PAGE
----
During the long period Tbilisi suffered many Invasions, but still it arose from ashes. Forty times Tbilisi yielded to the devastating enemy invasions, during which its population was destroyed, kings palaces and dwellings of simple towns people were burnt, treasures plundered, the priceless monuments of Georgian culture were destroyed. But the city has never been inclined before the hordes of conquerors and each time arose from the ruins and the ashes even more excellent.

- From 5th-6th c. - Located strategically in the heart of the Caucasus between Europe and Asia, Tbilisi became an object of rivalry among, for the region's various powers such as Persia, The Byzantine Empire, Arabia and the Seljuk Turks. The Persians took over Tbilisi and ruled it for about a decade.
- The beginning of the 6th c. - the political center of Kartli moves from Mtskheta to Tbilisi.
- 6th c. - the beginning of the Georgian King's, The Bagrations dynasty.
- 7th c. - Arabian conquerors. The Arabian Emir stayed in Tbilisi.
- 10th c. - Tbilisi did not subordinate to the Emir caliphate.
- 1122 - the king David Agmashenebeli (The Builder) took the former capital of Kartli into his subordination. He made Tbilisi the capital of a unified Georgian State.
- 12th c. - Tbilisi became the political and cultural center in Georgia and in whole Caucasus. This period is called Tbilisi's "Golden Age"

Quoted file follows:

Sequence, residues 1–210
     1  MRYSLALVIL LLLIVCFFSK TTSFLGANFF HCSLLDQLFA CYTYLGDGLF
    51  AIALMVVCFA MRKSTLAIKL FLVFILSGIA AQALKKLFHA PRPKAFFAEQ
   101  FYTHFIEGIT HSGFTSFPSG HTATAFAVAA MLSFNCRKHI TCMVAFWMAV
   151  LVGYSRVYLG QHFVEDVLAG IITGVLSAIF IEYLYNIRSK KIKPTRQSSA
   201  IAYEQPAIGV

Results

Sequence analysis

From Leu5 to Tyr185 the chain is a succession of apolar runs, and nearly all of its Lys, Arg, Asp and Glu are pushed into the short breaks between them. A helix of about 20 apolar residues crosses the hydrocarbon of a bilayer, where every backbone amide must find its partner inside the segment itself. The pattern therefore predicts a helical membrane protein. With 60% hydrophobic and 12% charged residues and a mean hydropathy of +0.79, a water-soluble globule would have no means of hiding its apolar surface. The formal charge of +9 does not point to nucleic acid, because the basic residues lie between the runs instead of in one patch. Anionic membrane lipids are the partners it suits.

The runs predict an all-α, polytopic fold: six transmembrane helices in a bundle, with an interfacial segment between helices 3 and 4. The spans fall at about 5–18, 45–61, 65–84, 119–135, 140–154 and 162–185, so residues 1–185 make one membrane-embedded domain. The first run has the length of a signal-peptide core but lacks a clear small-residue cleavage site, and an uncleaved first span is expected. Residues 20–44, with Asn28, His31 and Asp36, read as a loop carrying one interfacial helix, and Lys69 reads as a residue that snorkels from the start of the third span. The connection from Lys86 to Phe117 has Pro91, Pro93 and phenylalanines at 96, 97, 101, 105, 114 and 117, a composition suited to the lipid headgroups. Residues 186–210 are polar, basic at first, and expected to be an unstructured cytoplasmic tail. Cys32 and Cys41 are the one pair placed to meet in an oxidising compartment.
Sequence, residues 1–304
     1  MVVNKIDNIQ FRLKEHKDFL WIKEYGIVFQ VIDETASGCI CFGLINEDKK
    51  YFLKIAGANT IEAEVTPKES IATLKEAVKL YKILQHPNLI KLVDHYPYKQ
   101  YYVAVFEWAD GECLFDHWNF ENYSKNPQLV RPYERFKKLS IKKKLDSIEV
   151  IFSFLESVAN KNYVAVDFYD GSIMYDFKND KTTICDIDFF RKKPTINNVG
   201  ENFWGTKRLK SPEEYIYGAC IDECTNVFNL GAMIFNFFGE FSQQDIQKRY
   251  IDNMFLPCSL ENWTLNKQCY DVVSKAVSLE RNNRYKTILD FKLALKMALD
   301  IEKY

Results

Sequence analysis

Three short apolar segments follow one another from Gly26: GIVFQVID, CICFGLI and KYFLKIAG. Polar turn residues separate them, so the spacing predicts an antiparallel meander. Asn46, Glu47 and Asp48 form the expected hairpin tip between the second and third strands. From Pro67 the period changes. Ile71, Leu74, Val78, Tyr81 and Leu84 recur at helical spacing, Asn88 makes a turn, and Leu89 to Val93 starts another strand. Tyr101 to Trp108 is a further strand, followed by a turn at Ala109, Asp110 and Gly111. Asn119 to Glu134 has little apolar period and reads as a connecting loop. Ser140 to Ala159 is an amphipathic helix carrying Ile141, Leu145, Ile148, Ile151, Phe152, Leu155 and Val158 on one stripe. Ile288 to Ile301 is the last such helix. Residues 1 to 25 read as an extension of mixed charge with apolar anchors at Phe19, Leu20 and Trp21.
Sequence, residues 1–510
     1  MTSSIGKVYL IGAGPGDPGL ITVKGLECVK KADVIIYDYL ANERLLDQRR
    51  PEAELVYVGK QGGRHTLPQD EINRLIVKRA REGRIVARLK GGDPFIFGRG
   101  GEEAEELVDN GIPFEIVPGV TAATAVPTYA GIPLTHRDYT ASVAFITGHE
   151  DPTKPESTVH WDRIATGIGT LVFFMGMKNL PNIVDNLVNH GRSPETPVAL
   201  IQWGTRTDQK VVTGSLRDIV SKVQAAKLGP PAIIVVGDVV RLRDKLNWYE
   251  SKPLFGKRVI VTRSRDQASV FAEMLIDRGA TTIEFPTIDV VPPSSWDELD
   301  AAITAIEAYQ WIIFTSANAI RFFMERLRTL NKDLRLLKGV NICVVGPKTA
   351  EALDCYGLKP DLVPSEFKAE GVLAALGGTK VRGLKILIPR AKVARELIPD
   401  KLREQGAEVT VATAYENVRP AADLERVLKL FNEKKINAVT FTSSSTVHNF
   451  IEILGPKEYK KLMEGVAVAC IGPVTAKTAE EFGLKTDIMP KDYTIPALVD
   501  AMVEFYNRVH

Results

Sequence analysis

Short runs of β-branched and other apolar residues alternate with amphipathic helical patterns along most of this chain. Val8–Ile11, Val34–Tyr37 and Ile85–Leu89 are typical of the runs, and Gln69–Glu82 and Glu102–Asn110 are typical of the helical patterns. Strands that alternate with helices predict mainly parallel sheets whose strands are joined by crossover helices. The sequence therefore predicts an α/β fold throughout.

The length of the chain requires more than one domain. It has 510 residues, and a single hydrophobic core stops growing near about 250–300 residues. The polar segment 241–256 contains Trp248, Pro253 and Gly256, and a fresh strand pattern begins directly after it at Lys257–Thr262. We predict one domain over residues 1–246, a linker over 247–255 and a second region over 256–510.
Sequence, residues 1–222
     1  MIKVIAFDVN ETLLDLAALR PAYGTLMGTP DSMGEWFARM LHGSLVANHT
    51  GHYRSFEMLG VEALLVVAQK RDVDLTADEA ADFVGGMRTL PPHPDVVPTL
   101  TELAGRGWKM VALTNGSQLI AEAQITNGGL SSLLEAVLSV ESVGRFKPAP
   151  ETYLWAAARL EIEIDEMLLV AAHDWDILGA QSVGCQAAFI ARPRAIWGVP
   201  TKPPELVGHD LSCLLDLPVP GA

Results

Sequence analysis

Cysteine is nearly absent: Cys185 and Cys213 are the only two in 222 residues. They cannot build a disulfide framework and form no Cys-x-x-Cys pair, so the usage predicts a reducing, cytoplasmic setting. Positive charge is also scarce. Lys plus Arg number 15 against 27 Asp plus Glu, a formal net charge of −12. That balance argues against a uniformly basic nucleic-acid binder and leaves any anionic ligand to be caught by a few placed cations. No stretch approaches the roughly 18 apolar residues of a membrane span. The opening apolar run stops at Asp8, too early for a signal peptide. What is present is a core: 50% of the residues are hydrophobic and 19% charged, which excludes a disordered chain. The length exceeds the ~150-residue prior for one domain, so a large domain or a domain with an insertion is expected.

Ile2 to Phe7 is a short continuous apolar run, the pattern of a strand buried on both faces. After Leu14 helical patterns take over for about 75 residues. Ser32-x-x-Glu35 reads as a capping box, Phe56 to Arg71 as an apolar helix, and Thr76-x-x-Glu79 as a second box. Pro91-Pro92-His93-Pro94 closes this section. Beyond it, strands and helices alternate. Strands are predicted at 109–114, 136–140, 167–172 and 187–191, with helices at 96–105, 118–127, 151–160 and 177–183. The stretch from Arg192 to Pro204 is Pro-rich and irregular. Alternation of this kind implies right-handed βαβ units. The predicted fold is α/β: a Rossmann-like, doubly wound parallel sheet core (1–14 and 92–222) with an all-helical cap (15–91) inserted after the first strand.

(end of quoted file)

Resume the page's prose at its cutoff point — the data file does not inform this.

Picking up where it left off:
- 13th c. - Tbilisi is under the Mongols domination.
- The first half of the 14th c. - during the times of George Brtskinvale, Tbilisi started its renewal.
- The 50-ies of the 15th c. and the 16th c. - the evolution process of Tbilisi was broken by the Turk-Osmans and Iranian conquerors.
- 17th -18th cc. - the peaceful epoch. Tbilisi is one of the beautiful cities in the East.
- The end of the 18th c. - a printing-house, a book depository and public schools were founded.
- In 1755 - the Academy of philosophy was founded.
- In 1801 - the king of Russia united Georgia and the whole of Caucasus under his domination. Tbilisi became the administration center of that region and the military base of the Russian Empire in the nearest East.
- From 60-70-ies of the 19th c. - the new age began in the history of Tbilisi and Georgia. The serfdom was abolished. The railway connected Tbilisi with the Caucasus and Russia cities, the Black Sea and Caspian Sea ports. The large and small factories appeared in the city.
- On the 26th of May, 1918 - Georgia was announced the independent republic.
- On the 25th of February,1921 the Soviet Government was established.
- Since 1991 - Tbilisi is the capital of independent Georgia.
- 1993-2003 - Shevardnadze Eduard Era
- 2003 - In November the parliamentary elections were rigged and street riots and civil disobedience began. In November 23, 2003 Shevardnadze retired. The event of November was called "Rose Revolution".
- 2004 January - the most part of the population voted for Mikheil Saakashvili, who is the president of Georgia now.
- 2004 - Since that, Tbilisi has experienced considerably more stability, decreasing crime rates, improving economy, and a booming tourist industry.
- 2007 - In November 2007, after the mass protests, which were organized by the opposition parties, the early presidential elections were appointed.
- 2008 January - Mikheil Saakashvili was elected president of Georgia for a second term